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Understanding Radar Images


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Hello NetWeather Community,

This is my first post, so go easy! I am an absolute novice when it comes to weather but have a strong physics background, a keen interest in weather and have been trying to do a lot reading around.

The internet is a great source of advice and I have found this website of particular use http://ww2010.atmos.uiuc.edu/(Gh)/home.rxml as a beginners learning aid. It's a little dated but it does the trick for the most part.

However, what I have struggled to find is a comprehensive guide on reading weather radar programs. Currently I have downloaded the trial version of GRLevel3 and I have found it fascinating whilst watching the weather patterns around Isaac. This morning I have looked at the weather radar warnings and found a Severe Thunderstorm Warning in place in parts of Iowa, USA. I have been recording the data for a while now and have posted a screenshot of one of the latest images, including Base Reflectivity and Velocity. I understand the fundamental principles behind these two images, however I struggle to interpret quite what is going on with it, or indeed in judging whether it has the tornadic(?) potential. I am am also curious as to what the two light green bands are to the south of the storm and what they could mean. They appear to be sucking towards the east of the lower hailstorm icon, is this the correct interpretation? If so, is that creating circulation winds that could potentially form a tornado, or do I completely not understand anything about what I am seeing! (very probable!).

What would really help would be if somebody could take the time to just run through a few features of this storm, the line of red, the precipitation to the north west, the velocity, the two green bands to the south east and its tornadic potential (if any). Thank you in advance.


Additionally, I realise this may have been covered countless times in previous topics, but I only really stumbled upon GRLevel3, but would anyone recommend this software as a radar viewing tool for the US?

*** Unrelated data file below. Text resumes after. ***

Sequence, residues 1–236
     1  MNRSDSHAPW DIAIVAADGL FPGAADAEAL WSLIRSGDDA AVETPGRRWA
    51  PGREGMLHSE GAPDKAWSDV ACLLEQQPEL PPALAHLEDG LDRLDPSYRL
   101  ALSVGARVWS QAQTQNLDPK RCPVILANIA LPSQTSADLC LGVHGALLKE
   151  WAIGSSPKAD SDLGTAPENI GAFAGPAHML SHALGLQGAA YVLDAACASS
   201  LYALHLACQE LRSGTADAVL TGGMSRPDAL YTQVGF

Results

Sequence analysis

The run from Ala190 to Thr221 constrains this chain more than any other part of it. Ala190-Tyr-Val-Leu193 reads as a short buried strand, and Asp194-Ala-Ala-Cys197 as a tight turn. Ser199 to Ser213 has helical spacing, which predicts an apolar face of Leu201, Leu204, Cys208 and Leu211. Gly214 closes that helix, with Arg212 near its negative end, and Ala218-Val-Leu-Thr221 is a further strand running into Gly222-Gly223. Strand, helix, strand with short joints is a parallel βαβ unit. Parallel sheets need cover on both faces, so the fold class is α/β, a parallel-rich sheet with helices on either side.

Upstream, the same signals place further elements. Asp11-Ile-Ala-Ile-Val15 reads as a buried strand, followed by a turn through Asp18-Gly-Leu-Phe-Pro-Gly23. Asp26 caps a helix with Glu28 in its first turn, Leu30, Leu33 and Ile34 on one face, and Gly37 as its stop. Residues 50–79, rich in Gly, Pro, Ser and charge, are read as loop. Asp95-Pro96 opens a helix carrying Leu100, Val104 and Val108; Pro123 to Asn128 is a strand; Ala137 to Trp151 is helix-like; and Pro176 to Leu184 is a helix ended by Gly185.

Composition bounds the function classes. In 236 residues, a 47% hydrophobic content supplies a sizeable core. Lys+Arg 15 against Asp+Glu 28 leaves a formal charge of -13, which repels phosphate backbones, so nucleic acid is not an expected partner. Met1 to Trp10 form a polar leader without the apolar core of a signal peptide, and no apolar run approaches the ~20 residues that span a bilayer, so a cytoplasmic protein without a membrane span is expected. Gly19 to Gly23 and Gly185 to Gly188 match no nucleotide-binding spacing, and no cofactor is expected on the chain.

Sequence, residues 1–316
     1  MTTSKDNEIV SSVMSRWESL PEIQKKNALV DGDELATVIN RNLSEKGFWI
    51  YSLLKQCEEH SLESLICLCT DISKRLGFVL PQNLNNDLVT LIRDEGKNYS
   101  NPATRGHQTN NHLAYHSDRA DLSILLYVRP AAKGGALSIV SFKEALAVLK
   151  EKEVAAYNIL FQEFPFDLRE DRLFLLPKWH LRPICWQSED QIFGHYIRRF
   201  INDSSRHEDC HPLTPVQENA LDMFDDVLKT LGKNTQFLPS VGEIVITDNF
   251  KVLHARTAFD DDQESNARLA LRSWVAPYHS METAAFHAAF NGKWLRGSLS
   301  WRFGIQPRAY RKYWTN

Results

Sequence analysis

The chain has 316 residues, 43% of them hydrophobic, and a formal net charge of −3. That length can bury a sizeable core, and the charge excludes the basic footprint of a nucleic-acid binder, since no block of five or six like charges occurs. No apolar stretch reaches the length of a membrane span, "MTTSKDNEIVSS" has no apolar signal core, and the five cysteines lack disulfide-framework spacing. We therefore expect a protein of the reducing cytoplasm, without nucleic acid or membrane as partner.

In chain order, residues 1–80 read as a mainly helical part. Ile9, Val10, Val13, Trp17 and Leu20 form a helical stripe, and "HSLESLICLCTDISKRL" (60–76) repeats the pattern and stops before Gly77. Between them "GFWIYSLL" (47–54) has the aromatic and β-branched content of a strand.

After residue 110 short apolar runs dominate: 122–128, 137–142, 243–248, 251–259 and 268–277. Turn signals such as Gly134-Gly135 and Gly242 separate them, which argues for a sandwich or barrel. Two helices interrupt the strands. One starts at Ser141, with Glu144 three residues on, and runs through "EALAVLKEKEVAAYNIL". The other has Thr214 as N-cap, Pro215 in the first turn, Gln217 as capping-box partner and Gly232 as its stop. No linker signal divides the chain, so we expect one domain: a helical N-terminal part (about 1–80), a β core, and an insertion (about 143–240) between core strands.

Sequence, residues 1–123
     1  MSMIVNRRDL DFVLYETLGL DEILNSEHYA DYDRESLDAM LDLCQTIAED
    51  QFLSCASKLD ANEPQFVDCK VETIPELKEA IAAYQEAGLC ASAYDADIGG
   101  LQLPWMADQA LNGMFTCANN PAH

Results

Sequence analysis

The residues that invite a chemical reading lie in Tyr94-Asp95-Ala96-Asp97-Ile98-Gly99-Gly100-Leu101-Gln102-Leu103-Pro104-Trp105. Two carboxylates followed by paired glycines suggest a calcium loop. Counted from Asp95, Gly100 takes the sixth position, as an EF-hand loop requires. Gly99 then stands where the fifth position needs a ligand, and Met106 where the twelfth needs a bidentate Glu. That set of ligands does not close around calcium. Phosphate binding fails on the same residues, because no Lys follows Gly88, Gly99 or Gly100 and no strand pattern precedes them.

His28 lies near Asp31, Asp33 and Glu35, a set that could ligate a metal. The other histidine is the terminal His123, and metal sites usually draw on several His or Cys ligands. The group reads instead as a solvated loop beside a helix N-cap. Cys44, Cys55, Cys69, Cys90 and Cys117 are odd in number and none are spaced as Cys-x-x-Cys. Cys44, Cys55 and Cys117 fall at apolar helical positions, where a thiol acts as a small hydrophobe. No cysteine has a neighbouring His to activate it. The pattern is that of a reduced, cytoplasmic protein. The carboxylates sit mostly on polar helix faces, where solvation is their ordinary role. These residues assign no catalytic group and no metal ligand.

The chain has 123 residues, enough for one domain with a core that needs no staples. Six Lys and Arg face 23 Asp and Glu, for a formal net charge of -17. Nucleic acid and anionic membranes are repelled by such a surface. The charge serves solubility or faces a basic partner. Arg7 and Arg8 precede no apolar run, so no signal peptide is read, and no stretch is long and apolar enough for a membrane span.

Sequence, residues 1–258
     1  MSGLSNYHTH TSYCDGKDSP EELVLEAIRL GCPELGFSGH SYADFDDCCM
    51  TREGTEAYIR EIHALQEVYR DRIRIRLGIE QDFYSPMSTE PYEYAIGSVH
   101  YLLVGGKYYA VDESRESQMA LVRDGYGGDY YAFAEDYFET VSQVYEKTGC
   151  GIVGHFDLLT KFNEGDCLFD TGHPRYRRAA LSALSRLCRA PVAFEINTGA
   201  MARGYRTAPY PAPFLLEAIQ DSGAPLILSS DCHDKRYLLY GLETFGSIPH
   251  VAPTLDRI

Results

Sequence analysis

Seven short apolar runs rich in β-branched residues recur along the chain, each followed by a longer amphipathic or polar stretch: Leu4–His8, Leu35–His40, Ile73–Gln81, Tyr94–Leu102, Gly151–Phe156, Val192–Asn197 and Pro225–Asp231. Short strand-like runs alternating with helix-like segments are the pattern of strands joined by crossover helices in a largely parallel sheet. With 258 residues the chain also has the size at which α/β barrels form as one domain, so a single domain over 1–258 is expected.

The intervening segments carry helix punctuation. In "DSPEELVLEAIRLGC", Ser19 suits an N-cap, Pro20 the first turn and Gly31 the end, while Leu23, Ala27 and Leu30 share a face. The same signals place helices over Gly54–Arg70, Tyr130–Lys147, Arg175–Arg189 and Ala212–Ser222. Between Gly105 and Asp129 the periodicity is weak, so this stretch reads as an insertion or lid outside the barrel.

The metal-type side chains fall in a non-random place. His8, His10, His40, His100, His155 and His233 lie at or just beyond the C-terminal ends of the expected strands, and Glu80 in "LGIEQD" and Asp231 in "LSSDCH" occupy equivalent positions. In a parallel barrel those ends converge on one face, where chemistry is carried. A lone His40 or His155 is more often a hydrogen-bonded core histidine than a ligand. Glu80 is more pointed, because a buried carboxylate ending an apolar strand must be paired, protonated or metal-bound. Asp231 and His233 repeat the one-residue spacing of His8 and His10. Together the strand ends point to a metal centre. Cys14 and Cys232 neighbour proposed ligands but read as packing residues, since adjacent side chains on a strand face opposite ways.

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  • Location: Burgas, Bulgaria
  • Weather Preferences: Severe summer weather, winter extratropical cyclones
  • Location: Burgas, Bulgaria

    It seems that a squall line is being tracked on this radar image. For further analysis and interpratation I must see the radar loop, but this is what I think at first glimpse. The squall lines are characterized by a very strong reflectivity on the leading edge, a transition zone just after it and a stratiform precipitation area. For it to be initiated, there has to be some linear forcing mechanism such as a dry line or a cold front. You must look close at the CAPE and SHEAR values to determine what the most likely structure would be.

    About the tornado question: It is basically found in supercells : convective cells which possess a rotating updraft. It has a mesocyclone and there you can most probably find wall clouds or a tornado.

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    Thank you for the replies. I clearly have a very long list of questions and a muddled up order of answers about meteorology in general thatI am trying to sort out but hopefully this forum and the internet will help me through it!

    I saw a simlar storm system with much stronger winds the other day, it got tornado warned but I think it was mostly down to the people on the ground observing fallen tree's etc, rather than evidence from the radar. It seemed as though the tornado warning came from reports rather than science. I guess that's just the way it goes sometimes.

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